New analysis of two fossil specimens found in Greece and Bulgaria has led a team of international scientists to a stunning conclusion: The fossilized lower jawbone and teeth, which date back some 7.2 million years, belonged not to an ape but to a hominin, or early human ancestor. If correct, their hypothesis would rewrite the currently accepted story of human evolution, which holds that the split between humans and chimpanzees took place around 7 million years ago in eastern Africa.
According to the generally accepted story of human evolution, the human lineage split from that of apes some 7 million years ago in Africa. Hominins (early humans) are believed to have stayed put in Africa until about 2 million years ago, when they migrated first to Asia and then to Europe.
Now, a team of scientists from the University of Tubingen in Germany and the University of Toronto in Canada are seeking to revise that story. In two complementary studies published in the journal PLOS One, they argue that the earliest human ancestor emerged in Europe, not Africa, around 7.2 million years ago, or 200,000 years earlier than was previously thought.
The researchers base their bold hypothesis largely on the analysis of two fossils: a mandible (lower jaw) found in Greece in 1944 and an upper premolar tooth found in Bulgaria in 2009. The fossils belonged to an ape-like creature known as Graecopithecus freybergi (“El Graeco,” for short), which roamed the Mediterranean region between 7.18 and 7.25 million years ago.
Though the fossilized jawbone from Greece has been around a while, most scientists had dismissed it as a source of good information due to its poor condition. “It’s not the best specimen in the world,” David Begun of the University of Toronto, who co-authored the new research, told HISTORY. “It has a lot of damage to the surface of the jawbone itself and a lot of damage to the teeth, so they’re really hard to see, they’re difficult to measure, and it’s hard to say what they look like.” But when Begun’s colleague, Madelaine Böhme, had the idea of using computer tomography, or CT-scanning, to look inside the mandible, things got more interesting.
“We saw that the roots of the teeth embedded in the mandible were perfectly preserved…and they gave us a lot of new information that we never had about this specimen,” Begun said. “The canine root is quite short and slender, and indicates that the canine was small. That’s really important, because in apes—and male apes in particular—the canine is quite large.” This holds true for most male primates, Begun explained, but not all. “This root shows that the canine was already reduced, which is a characteristic that you only see in humans and our fossil relatives.”
In addition, analysis of the two fossils showed that some of the roots of the bicuspid teeth of Graecopithecus—what we call the premolars—had simplified, or fused to form fewer roots. “That is again something that you only see in humans and our fossil relatives. It is extremely rare to find it in living apes, and you don’t see it in any fossil apes from the same time period,” Begun noted.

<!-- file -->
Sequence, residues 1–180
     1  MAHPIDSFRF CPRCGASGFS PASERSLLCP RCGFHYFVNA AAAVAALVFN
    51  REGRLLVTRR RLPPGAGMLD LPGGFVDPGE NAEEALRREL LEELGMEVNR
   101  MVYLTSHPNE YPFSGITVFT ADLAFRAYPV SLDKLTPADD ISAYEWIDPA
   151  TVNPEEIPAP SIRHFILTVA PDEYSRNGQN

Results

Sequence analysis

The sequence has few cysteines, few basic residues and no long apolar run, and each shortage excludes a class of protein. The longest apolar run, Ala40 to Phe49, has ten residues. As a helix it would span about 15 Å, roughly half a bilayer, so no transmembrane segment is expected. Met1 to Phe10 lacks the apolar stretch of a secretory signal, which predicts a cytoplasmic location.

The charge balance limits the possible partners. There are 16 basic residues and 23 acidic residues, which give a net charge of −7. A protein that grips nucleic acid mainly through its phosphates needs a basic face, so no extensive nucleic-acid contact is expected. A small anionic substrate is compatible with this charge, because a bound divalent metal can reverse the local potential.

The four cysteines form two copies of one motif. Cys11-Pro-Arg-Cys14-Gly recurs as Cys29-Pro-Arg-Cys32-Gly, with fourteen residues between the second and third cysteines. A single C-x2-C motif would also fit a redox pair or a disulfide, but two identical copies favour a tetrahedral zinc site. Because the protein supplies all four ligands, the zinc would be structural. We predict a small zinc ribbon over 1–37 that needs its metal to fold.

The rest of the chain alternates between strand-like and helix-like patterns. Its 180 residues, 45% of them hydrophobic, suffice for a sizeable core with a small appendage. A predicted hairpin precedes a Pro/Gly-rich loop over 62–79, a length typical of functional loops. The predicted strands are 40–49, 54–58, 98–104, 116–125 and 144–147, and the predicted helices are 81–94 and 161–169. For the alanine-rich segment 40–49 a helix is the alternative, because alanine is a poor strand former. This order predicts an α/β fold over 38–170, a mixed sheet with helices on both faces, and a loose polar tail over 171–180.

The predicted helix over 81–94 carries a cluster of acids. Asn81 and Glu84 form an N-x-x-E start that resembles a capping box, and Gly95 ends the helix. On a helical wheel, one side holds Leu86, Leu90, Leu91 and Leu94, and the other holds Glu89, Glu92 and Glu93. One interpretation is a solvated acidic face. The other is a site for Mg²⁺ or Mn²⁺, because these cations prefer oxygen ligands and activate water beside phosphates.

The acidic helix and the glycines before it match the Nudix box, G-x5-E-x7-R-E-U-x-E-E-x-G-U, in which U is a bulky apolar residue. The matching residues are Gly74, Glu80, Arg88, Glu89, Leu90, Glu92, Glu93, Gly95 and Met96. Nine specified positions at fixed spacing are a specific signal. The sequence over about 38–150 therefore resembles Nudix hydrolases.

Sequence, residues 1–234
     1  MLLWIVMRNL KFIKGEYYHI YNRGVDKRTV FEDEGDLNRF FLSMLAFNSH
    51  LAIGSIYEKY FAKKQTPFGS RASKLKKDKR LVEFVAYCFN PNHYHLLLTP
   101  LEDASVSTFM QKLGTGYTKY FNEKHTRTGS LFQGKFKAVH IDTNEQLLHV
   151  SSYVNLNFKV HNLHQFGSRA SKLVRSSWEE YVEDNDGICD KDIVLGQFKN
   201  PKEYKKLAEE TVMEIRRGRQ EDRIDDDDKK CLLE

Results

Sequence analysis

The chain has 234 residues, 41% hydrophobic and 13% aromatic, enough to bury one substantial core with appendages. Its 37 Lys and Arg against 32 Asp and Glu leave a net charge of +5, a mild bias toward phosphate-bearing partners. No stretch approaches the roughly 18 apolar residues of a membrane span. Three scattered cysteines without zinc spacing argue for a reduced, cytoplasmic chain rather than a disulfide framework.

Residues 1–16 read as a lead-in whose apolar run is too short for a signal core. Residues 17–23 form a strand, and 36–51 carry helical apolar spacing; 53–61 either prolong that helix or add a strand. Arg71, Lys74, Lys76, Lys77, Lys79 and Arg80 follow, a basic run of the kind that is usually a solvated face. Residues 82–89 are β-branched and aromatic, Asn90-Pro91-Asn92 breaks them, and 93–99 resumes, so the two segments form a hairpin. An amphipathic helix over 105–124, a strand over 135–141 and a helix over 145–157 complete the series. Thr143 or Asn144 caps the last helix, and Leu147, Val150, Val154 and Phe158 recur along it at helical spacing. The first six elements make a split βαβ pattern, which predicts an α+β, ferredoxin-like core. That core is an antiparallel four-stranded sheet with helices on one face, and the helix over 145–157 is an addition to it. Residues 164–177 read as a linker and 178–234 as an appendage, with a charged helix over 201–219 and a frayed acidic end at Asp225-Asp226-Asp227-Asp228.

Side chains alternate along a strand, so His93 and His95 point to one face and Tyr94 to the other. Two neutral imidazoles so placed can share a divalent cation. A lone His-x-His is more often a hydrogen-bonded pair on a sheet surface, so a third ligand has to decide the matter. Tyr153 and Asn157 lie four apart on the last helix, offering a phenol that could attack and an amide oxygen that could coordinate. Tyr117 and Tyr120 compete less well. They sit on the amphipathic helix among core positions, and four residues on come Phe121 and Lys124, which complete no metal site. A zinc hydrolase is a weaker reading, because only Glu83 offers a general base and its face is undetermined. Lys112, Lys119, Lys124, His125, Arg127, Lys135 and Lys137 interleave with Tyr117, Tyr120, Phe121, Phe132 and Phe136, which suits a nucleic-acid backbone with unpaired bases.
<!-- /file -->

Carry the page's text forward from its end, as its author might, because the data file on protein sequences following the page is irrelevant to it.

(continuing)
In the second, complementary study based on sediment in Greece and Bulgaria from that time, Begun and his colleagues found that the climate during the period El Graeco lived there would have been similar to the dry savannahs known to have encouraged the shift to bipedalism that marked early hominin evolution. In fact, it would have been highly similar to the climate of eastern Africa.
If Graecopithecus is in fact a hominin, it would slightly predate the earliest known human ancestor found in Africa, Sahelanthropus tchadensis. Discovered at a site in Chad, Sahelanthropus is believed to be between 6 and 7 million years old. Begun emphasized that the new hypothesis doesn’t affect the later story of modern humans and their emergence from Africa. “That story is completely intact,” he told HISTORY. “This is about what happened millions and millions of years before that, when the human lineage in its entirety arose.”
Some other experts in human evolution are skeptical of Graecopithecus’ newly anointed status as the earliest known hominin. In particular, they question the claim that the jawbone and tooth shape alone establish its pre-human status.
“We just don’t have enough evidence to come to that conclusion,” Bernard Wood of George Washington University, who was not involved with the new study, told HISTORY. “It’s perfectly possible that one or more fossil apes have roots like that.” As he pointed out, it’s not uncommon for primates to evolve the same morphological traits or features independently from each other. “If you asked me, how much would I be prepared to bet that this is a hominin,” Wood continued, “you’d have to persuade me to put more than a quarter on [it].”
Begun acknowledges the possibility that El Graeco’s tooth shape and size may have occurred independently from early humans, and admitted he would like to have more and better-preserved fossil evidence supporting the new hypothesis. Still, he stands behind his and his colleague’s conclusions about Graecopithecus, based on the fossil evidence they do have—and he believes there is likely more out there. “I think there’s a pretty good chance that we’ll find new sites in the next few years. We might get lucky, and find some more, better preserved teeth, and especially limb bones, that could help to answer this question more definitively.”